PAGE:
A whole subset of classic business culture uses the lexicon of competitive conflict; a lot of terms derive from war and sports. These are considered classic places of leadership and the analogies and metaphors are thick. So it’s interesting to read Abby Wambach’s Wolfpack, where she takes lessons learned from the top echelons of competitive soccer to turn classic leadership rules on their heads. She draws on the well of authenticity and teamwork instead of the cutthroat angle of “conquer at all costs”. She finds humanity and hope in competitive spaces and wants to make space for more people to enter the arena.
In this very (very) short read, Abby outlines 8 “new” rules and compares them to 8 “old” rules of leadership, providing examples of these rules from her own life, most of it on the soccer field. The new rules are:
- Create your own path.
- Be grateful for what you have AND demand what you deserve.
- Lead now — from wherever you are.
- Failure means you’re finally IN the game.
- Be FOR each other.
- Believe in yourself. Demand the ball.
- Lead with humanity. Cultivate leaders.
- You’re not alone. You’ve got your Pack.
While these new rules of leadership are generally applicable for everyone in all aspects of life, this book is very specifically written for women and talks about how some of the old rules have been used to keep women in the margins. I feel her 8 rules break down into 2 main themes: 1) Demanding more from the world regardless of its "regular rules" and 2) joining with and supporting others who are in the same struggle. She wants us to fight against the systems which hold us down and join with others to build a revolution in leadership; both how it is defined and how it is enacted.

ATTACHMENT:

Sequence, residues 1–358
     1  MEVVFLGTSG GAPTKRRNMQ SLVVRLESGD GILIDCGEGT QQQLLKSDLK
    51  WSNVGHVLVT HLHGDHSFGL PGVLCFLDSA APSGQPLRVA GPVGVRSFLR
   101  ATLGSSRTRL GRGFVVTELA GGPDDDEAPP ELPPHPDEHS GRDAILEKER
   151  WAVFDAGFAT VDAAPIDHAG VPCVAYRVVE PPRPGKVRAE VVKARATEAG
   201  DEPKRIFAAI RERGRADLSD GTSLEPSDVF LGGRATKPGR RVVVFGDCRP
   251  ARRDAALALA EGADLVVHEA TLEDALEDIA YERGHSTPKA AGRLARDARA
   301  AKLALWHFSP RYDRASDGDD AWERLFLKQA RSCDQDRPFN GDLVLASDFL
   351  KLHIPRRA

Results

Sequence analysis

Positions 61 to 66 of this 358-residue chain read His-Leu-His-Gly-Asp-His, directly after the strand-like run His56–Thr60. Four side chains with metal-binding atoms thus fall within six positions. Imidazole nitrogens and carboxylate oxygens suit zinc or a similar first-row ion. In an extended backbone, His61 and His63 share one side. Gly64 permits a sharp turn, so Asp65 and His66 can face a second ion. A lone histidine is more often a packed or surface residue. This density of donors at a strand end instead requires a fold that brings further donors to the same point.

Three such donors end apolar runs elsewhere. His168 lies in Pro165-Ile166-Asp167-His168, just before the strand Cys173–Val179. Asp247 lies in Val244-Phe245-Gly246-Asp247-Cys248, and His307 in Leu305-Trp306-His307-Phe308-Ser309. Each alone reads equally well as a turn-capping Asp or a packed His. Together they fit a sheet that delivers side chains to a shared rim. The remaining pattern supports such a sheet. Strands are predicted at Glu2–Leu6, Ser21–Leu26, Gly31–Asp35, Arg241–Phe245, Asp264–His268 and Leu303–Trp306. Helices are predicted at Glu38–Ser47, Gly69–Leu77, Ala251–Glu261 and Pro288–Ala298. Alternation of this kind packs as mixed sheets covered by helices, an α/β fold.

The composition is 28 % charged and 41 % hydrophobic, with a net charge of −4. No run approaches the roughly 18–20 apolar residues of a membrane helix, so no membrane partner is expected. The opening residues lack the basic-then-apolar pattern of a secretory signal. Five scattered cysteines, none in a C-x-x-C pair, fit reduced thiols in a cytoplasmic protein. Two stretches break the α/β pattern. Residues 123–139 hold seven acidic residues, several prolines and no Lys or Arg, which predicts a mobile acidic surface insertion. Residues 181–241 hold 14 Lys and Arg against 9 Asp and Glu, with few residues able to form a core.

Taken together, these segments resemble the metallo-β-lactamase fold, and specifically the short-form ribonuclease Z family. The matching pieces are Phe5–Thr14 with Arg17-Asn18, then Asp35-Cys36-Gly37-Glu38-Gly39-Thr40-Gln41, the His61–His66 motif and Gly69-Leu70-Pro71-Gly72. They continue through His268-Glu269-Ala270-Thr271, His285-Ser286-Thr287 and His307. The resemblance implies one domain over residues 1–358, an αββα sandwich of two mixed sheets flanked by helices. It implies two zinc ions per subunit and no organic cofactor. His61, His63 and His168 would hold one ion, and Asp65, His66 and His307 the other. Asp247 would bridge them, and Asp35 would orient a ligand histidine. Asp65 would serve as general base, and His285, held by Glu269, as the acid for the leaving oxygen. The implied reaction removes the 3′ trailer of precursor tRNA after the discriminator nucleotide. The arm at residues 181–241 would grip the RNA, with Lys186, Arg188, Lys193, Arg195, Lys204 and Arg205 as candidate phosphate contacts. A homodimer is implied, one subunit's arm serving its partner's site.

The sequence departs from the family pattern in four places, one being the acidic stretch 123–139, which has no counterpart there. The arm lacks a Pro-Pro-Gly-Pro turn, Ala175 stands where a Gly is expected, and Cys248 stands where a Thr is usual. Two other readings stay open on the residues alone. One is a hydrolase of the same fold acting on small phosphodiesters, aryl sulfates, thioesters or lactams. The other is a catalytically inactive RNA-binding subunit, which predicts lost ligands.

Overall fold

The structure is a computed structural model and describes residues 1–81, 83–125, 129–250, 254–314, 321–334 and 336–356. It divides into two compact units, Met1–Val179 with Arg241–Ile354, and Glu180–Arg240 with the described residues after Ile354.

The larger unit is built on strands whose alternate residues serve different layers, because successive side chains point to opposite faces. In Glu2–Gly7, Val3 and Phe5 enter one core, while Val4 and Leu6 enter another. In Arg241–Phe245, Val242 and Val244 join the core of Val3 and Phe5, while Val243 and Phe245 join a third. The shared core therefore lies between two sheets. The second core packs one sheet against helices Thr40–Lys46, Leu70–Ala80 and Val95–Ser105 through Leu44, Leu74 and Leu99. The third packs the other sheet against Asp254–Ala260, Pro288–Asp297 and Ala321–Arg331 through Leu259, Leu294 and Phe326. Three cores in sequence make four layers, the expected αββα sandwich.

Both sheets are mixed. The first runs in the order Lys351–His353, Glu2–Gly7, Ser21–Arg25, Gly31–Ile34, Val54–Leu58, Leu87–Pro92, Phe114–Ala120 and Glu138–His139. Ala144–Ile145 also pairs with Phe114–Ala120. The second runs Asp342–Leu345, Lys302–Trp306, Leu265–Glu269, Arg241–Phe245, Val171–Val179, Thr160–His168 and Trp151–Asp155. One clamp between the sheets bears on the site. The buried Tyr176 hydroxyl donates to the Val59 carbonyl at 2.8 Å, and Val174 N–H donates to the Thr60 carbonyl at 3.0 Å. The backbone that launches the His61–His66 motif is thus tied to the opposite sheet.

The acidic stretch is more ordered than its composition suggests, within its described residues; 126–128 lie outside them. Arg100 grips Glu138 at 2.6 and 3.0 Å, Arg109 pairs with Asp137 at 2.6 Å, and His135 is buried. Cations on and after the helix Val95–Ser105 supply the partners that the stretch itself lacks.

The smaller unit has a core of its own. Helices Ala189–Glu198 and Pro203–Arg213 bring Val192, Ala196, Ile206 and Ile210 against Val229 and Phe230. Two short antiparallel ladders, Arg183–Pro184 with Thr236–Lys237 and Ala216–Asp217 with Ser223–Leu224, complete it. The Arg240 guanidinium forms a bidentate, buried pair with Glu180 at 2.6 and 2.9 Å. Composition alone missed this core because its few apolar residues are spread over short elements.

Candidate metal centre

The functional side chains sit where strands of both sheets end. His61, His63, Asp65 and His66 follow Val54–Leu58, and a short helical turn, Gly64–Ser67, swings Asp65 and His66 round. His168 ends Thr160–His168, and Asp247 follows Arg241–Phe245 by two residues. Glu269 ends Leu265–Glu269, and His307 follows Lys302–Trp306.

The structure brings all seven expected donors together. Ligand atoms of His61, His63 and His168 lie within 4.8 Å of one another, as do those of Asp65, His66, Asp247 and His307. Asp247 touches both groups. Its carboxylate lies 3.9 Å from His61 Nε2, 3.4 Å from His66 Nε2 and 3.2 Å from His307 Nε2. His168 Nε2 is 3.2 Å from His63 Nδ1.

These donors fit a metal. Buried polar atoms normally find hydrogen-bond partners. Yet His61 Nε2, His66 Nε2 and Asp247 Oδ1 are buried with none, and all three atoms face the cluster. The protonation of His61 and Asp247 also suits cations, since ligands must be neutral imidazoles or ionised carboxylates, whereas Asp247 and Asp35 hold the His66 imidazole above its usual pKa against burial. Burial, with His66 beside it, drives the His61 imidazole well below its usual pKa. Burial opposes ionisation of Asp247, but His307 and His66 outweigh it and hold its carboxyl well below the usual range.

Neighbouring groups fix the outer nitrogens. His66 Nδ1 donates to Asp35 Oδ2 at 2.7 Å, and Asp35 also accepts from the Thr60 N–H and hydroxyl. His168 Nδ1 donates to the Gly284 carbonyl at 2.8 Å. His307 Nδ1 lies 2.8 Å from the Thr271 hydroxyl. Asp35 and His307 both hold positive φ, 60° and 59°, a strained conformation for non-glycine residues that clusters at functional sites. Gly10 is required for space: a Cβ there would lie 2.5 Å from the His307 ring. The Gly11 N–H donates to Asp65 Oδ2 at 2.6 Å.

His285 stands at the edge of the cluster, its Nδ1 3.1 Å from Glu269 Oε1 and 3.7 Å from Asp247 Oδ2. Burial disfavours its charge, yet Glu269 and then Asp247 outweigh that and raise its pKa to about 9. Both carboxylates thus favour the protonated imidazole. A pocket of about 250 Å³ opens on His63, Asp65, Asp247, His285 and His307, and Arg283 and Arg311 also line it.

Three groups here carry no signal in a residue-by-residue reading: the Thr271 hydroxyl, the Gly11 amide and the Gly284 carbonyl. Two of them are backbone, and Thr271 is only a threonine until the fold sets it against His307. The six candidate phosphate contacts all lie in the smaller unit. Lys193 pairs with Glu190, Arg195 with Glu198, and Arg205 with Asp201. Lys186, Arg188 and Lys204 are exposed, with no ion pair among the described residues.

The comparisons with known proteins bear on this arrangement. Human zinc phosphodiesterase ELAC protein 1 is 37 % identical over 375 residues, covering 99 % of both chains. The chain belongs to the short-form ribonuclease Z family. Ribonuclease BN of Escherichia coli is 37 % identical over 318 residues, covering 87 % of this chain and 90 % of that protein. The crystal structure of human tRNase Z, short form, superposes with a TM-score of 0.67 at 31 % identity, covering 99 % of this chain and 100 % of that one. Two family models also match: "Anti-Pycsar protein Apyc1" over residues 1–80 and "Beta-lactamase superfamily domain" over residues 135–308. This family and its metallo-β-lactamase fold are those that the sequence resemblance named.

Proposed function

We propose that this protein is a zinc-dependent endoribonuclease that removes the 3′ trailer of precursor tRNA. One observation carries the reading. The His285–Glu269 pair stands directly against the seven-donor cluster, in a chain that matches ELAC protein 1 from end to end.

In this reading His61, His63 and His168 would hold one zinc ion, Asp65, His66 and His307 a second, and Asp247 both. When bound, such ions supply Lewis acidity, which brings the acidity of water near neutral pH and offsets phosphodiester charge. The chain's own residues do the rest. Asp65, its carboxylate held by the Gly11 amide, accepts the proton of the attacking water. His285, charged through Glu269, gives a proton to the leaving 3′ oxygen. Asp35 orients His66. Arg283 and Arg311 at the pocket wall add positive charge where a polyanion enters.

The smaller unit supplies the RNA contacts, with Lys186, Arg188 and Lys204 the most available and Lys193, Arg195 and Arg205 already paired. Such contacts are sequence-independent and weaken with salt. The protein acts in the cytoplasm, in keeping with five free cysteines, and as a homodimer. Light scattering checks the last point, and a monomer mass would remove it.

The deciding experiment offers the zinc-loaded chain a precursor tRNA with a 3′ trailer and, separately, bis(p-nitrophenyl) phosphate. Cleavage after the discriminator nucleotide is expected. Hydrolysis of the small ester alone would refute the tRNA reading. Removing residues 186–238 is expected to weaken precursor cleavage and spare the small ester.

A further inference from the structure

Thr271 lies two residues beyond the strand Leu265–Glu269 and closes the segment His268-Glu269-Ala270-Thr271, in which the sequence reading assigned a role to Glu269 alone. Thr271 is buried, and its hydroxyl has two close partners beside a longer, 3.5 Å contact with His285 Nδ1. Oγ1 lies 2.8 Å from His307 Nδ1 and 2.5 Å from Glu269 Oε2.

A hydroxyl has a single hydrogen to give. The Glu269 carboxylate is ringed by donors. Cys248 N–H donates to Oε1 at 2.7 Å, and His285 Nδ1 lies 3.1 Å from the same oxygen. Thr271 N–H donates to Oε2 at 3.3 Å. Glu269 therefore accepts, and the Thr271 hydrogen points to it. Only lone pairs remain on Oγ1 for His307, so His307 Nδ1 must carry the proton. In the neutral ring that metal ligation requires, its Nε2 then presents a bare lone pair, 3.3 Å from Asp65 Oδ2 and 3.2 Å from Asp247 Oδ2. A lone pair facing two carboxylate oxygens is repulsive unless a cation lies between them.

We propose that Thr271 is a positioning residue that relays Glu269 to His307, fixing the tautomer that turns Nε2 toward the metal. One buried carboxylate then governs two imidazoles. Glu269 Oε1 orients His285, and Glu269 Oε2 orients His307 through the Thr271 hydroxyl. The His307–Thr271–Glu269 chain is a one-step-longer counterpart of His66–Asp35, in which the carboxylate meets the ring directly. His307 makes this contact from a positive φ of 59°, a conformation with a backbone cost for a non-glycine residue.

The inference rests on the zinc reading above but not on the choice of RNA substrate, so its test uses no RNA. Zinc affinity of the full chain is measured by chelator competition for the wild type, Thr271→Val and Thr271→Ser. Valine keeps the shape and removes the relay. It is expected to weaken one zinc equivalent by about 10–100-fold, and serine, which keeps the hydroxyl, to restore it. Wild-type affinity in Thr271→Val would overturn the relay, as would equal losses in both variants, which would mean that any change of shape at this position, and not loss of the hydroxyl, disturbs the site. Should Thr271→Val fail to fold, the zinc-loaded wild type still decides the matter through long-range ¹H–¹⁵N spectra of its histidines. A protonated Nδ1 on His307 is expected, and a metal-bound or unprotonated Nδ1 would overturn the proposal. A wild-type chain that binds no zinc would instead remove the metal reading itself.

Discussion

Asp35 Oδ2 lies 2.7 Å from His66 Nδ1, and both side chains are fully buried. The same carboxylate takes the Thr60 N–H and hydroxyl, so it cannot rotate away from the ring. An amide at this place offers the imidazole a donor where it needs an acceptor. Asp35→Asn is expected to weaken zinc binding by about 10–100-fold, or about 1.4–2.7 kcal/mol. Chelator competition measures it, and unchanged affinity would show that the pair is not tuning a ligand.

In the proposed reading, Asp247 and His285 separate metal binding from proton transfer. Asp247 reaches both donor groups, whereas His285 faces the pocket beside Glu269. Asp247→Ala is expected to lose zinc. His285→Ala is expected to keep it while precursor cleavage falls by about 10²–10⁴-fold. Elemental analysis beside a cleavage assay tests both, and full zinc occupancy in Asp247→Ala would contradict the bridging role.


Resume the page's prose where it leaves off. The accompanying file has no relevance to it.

Although this book is focused on women as a group and the difficulties we can encounter in leadership, it can be applied to all under-represented minorities (URMs). It's about looking at the standard leadership "rules" that have been set up by existing power structures (read: white, cis, male) and questioning how those work to keep URMs in their subservient places. Abby speaks about being a woman (and to some degree being gay), but can’t speak directly to other URMs from a place of lived experience. Being a white lesbian leader myself, I strongly identify with her. I'd be curious to see how this book does or does not resonate with other URMs, and what we can learn from digging into the hard lessons learned by others as well.
Brené Brown considers this one of her top leadership books (listen to Brené’s podcast about the book) and I can see the appeal of a concise outline of how to reinvent leadership. It’s short, to the point, and connects with common struggles for a lot of people. But like all books in this category, a short, inspiring list for change is only as good as the actions it prompts you to take. I would challenge leaders of all sorts to ponder this list of changes and see where your leadership decisions and actions fall. Then ask yourself what one change you can make to help break down the old rules -- not just for yourself but for everyone that comes after as well.
I’d love to know your thoughts about these new rules or the book in general, if you’ve read it. You can do the social media thing (Twitter, Facebook, LinkedIn) or shoot an email to me at firstname.lastname@example.org.